Air Force brings Sooners unique challenge

Travis Lewis has never played against an offense like this. Not in college. Not in high school. Never.

"It's one of those games I kind of wish Coach Stoops hadn't scheduled," Lewis says with a laugh.

But if Oklahoma's ambitious nonconference scheduling will hurt it again this year, it'll have to go through Lewis, a linebacker and the leader of the Sooners defense.

"Georgia Tech kind of does the same thing, but they get in fewer different formations and make it easier on you," Lewis said. "This team gives you so many different formations and motions, it’s really taken this offense to a whole new level."

Through two games, Air Force has almost 200 more rushing yards than any team in the country, with 846 yards in two blowout wins over Northwestern State and fellow Mountain West member BYU. The Falcons have thrown the ball just 25 times.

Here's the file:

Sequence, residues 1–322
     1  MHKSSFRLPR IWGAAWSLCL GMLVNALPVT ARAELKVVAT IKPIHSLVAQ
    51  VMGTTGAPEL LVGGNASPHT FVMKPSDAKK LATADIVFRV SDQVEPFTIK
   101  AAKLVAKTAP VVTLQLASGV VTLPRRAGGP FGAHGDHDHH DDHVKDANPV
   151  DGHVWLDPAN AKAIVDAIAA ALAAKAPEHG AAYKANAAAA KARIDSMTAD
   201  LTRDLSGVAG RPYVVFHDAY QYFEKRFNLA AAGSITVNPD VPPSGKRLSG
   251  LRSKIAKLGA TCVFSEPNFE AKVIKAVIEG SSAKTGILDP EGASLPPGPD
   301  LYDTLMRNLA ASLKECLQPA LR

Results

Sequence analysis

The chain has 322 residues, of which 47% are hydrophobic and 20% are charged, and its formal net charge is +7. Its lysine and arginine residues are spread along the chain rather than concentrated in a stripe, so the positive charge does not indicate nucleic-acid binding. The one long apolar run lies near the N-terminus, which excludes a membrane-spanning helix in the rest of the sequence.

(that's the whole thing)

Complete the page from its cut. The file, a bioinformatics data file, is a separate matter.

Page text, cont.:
"Our first and foremost goal is to stop everybody’s run game," Lewis said. "For a team like this that wants to run the ball every freakin' snap, it’s going to be difficult."

The Falcons also have 11 rushing touchdowns, more than any team in college football. Their 6.71 yards per carry is sixth-most, too, and they've carried the ball 126 times in two games, more than any other team in the nation. Like Lewis said, they'll be looking to run the ball every chance they get. To stop it, Oklahoma needs what Lewis called "a fanatic effort." In short, all 11 helmets on the field need to flood to the ball, regardless of position.

"Do not try to do too much, because with an offense like this, you get your eyes in the wrong place for a second, there goes 40 yards right up the gut," he said.

In practice this week, Oklahoma stayed in pads on Wednesday, an unusual move meant to help the Sooners deal with the constant cut blocking they'll face on Saturday.

"We feel like it’s up to us to win every game, and that never changes," Lewis said. "Everybody just needs to do their job. Do what you’re supposed to do and handle your business."